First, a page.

The European Union (EU) broke with other Western governments as it looks to empower regulators to govern emerging artificial intelligence (AI) technology and convene a summit on subject as fears over employment impacts continue to simmer across Europe.
“Recent advances in the field of artificial intelligence have demonstrated that the speed of technological progress is faster and more unpredictable than policy-makers around the world have anticipated,” a group of European lawmakers wrote in an open letter Monday. “We are moving very fast.”
The group released the letter almost in direct response to the Future of Life Institute’s open letter, signed by experts and leaders including Elon Musk, Apple co-founder Steve Wozniak and former presidential candidate Andrew Yang, that called for a six-month pause on the development of “powerful” AI systems.
European lawmakers said that they shared some of the concerns expressed in the letter, but that they disagreed with some of the “more alarmist statements.”
President Biden, right, meets with President of European Commission Ursula von der Leyen during a bilateral meeting in the Oval Office of the White House on March 10, 2023 in Washington, D.C. (Alex Wong/Getty Images)
“We are nevertheless in agreement with the letter’s core message: With the rapid evolution of powerful AI, we see the need for significant political attention,” the group wrote, adding that leaders including European Commission President Ursula von der Leyen and President Biden should convene a “high-level” global summit on AI.
The summit would aim to determine a “preliminary set of governing principles for the development, control and deployment of very powerful artificial intelligence.”
“Together, we can steer history in the right direction,” the group wrote.
Romania’s Foreign Minister Dragos Tudorache walks after a meeting on the Balkan migrant route into the EU in Vienna on Sept. 24, 2016. (Joe Klamar/AFP via Getty Images)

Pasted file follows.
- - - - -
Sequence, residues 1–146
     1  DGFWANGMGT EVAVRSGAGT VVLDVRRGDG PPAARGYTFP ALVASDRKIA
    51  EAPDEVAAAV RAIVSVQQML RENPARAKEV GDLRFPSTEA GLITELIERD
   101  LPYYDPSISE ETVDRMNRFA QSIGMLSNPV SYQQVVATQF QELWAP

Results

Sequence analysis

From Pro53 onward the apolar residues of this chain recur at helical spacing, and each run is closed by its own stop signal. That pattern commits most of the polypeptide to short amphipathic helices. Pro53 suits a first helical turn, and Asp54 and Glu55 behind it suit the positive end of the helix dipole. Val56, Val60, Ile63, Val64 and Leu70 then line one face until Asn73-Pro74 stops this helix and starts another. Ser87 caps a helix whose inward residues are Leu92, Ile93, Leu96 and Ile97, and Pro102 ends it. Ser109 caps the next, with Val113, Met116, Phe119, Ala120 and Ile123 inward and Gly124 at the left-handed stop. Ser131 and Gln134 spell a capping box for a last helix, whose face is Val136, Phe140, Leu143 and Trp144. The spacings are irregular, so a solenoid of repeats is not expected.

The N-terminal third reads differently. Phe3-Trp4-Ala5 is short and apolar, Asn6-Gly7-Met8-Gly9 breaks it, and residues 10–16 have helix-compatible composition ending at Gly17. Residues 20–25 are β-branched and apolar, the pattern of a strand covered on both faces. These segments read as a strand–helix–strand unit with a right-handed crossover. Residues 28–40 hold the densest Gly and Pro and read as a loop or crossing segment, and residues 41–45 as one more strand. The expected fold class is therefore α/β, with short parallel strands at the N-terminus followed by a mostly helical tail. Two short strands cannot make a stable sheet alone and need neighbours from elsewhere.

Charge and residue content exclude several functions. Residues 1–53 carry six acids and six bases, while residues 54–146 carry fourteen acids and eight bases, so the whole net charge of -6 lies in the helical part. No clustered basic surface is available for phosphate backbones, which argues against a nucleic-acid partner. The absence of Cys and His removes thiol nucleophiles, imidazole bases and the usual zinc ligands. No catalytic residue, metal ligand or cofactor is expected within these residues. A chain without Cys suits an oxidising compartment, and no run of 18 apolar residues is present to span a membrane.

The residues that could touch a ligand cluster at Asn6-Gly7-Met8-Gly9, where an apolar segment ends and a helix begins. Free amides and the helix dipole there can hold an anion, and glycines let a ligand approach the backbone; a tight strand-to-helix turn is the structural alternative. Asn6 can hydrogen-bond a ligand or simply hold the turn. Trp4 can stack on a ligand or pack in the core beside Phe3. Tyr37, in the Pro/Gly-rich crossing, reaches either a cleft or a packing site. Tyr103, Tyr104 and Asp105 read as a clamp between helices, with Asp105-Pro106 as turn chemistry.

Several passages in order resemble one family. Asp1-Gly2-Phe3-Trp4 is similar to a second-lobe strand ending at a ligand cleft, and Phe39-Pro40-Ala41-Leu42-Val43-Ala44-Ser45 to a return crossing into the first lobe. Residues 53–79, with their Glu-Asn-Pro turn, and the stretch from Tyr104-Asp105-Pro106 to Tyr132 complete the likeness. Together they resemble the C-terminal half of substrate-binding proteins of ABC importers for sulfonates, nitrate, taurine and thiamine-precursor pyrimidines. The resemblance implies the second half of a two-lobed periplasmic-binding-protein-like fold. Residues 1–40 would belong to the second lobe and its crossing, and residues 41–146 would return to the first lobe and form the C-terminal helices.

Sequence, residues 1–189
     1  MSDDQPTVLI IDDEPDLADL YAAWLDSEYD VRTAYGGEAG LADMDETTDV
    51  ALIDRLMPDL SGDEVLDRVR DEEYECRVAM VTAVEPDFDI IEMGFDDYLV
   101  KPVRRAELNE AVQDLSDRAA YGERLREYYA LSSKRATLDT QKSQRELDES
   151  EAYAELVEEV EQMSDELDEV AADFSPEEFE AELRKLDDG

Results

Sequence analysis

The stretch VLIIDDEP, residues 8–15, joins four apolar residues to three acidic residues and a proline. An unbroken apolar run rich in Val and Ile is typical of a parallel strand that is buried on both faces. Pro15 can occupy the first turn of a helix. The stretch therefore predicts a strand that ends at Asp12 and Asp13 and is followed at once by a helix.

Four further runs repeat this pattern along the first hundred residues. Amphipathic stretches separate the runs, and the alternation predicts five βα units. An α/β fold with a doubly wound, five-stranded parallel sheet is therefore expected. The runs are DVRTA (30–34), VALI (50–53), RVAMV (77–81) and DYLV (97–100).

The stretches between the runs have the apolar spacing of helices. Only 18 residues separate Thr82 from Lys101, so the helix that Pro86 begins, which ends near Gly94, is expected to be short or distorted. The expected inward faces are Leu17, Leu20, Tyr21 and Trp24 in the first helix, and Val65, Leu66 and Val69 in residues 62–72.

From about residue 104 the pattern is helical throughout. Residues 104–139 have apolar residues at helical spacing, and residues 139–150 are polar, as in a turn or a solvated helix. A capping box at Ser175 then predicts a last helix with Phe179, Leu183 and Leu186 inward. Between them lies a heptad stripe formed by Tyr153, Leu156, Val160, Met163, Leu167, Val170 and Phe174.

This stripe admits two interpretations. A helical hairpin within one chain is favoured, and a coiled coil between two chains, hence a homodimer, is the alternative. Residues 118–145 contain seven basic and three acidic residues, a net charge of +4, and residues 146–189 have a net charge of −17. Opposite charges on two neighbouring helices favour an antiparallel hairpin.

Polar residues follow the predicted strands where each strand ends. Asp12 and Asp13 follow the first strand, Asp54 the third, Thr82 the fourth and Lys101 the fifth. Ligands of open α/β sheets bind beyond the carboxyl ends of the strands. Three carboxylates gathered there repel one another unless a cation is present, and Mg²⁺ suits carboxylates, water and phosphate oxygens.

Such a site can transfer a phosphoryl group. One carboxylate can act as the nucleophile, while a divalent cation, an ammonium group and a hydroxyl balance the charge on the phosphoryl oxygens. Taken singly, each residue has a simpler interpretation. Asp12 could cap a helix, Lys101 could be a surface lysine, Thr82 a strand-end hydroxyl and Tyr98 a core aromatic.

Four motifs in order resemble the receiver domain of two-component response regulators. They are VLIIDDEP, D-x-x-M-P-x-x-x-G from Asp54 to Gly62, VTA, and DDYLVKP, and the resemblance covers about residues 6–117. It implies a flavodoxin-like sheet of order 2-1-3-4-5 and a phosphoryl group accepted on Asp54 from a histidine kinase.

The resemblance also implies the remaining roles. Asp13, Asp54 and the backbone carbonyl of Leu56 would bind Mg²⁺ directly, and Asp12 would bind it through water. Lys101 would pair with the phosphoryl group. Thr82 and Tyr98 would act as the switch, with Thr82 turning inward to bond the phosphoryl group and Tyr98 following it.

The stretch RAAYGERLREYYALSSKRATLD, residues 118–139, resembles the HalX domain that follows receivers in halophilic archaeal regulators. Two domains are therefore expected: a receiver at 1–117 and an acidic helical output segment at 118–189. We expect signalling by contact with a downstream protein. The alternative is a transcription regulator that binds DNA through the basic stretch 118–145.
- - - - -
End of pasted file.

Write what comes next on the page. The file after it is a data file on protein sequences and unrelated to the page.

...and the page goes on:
Dragos Tudorache, a member of the European Parliament (MEP) from Romania and a signatory on the EU response, said that the open letter’s call for a pause, “although unnecessarily alarmist,” served as “another signal we need to focus serious political attention on the issue.”
The letter gained support from 12 MEPs overall, all working on EU legislation to hammer out a blueprint for AI regulation.
China and India have already indicated a hope to allow AI technology to flourish, so they can take advantage of the incredible advancements, though, Beijing indicated a desire for any AI technology to adhere to security assessments and align with the country’s socialist philosophy and policies.
A majority of Americans who spoke with Fox News said the government should demonstrate a hands-off approach when it comes to AI regulation. (VCG/VCG via Getty Images)
However, some trade unions and critics have urged greater restriction on AI use in workplaces amid concerns of significant impacts on workers’ rights.
The U.K.’s Trades Union Congress worried about the effect of “management by algorithms,” stressing that lawmakers stand at a “really important juncture, where the technology is developing so rapidly, and what we have to ask ourselves is, what direction do we want it to take,” according to The Guardian.
In March, Goldman Sachs published a report that determined AI could replace some 300 million jobs worldwide, accounting for a possible 7% increase in total annual value of goods and services, the BBC reported.
Earlier this month, Italy became the first country in the West to outright ban access – temporarily – to chatbots such as ChatGPT, citing privacy concerns and possible violations of European data protection rules.
“Our investigation has also found that 1.2% of ChatGPT Plus users might have had personal data revealed to another user,” the Italian Data Protection Authority said at the time. “We believe the number of users whose data was actually revealed to someone else is extremely low and we have contacted those who might be impacted.”
The Associated Press contributed to this report.